A few years ago I was asked to preach during an ecumenical Lent mid-day service. The topic was forgiveness. I shared a story of the moment I confronted the man who had inappropriately touched me when I was a small child. The context itself- and how I ended up in that moment- was peculiar. I had been asked to supply preach at a church for 2 Sundays in a row. It turned out my perpetrator was the council president. I chose to preach a 2 part series on anger and forgiveness. The first Sunday, I spoke of the after effects for children when they are abused at a young age. I talked about the destructive nature of anger that can never be abated. I followed up the next week with a sermon highlighting the power of forgiveness and the freedom inherent when we step out of the spin cycle of bitterness.
Two things happened to me that first day. A young boy shook my hand on the way out of the church, eyes cast down, and said, “your sermon made sense to me.” I thanked him but didn’t get it until his mother followed behind with tears in her eyes. Then, I got it. This was personal for that boy. The next thing came after everyone else had left the church and I was retrieving my sermon text to leave. This man from my past asked for my forgiveness, but not before letting me know God had already forgiven him. In spite of, and perhaps because of, his words, I looked at this powerless man for who he was for the first time. In that moment I realized that for all my hurt and pain, it was he who needed compassion, not me. I was okay, I had overcome.
After I talked about that day in my Lenten sermon, I greeted people on the way out after lunch. There were the people who wouldn’t make eye contact, the ones who said, “nice message” and then there were the folks who squeezed your hand tighter or hugged for that extra minute. People like the young boy who communicated their understanding without explanation.
Every time I share my story of forgiveness I get that same reaction. A few words, a request to talk later, the squeeze of a hand. You may think that it is impolite to speak of unconscionable things in public, unnecessary to talk about the wilderness, but I do not agree.
How does one sustain the faith when surviving for forty days in the wilderness? How about forty years? You could be like Jesus and bear that hunger and loneliness all by yourself, but I doubt you could; because we are not the Messiah, we are the children of God and the children of God need each other.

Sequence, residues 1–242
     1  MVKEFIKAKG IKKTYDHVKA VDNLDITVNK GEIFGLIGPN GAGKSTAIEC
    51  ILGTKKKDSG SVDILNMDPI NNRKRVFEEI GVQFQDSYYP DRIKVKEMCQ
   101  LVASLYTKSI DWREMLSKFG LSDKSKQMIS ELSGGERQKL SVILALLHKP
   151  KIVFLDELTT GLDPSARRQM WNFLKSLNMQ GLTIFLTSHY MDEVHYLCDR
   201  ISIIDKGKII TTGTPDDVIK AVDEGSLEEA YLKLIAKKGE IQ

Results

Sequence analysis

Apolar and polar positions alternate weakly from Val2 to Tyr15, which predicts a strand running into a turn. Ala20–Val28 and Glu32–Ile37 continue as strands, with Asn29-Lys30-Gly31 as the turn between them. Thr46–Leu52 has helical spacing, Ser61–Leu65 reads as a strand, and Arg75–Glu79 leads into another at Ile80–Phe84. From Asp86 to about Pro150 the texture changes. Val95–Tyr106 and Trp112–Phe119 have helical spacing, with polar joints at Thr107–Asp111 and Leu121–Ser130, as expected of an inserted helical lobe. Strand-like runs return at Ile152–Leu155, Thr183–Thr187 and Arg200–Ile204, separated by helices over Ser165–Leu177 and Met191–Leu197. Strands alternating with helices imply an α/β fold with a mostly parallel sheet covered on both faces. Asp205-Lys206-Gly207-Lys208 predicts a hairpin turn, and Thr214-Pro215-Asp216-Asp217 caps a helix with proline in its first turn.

So often we walk through this life secretly believing that whatever we are experiencing, we are unique in the struggle. From common medical complaints to emotional reactions, to deep pain from hidden assaults, how often have you heard someone say, “I didn’t know anyone else felt like that.”? I believe that we have a duty to the wilderness, and that is to share its experience. As the church, we are made up of those who are loud and open, and those who are silent and closed. We bear the same sadness and loss, the same burdens weigh heavily on us. It will be the open folks who will not shy away from the wilderness tale and how God has carried you through your forty days or forty years- whichever may be true for you. The closed folks will be silent, but they will appreciate the journey because they understand it. And for those who have never experienced that type of struggle, their eyes will be opened for the first time; and maybe they will see their loved one or the neighbor in a more compassionate light.
What if we knew nothing of Jesus’s temptation or his arduous, painful journey to Golgotha? What if Matthew, Mark and Luke didn’t record the near misses of death by crowds or badgering by the authorities? How could we really imagine the miracle of our Messiah if we didn’t have the suffering of Mary and Martha when they meet Jesus on the road after their brother Lazarus had died?
We are, like it or not, one body. If one of us is suffering so likewise for the rest. The responsibility of the wilderness- let’s call it our duty- is not to survive the struggle and tuck it away shamefully, but to share the journey. Talk about your mistakes and where you learned for positive change. Live out the blessing of survival. When we own how the wilderness has formed us and share that formation, we communicate both aloud and silently the way in which Christ carries us through and compels us forward into the world, shining our light for all to see. This wilderness of mine was my shame until it became my blessing, and I pray yours will be a blessing as well.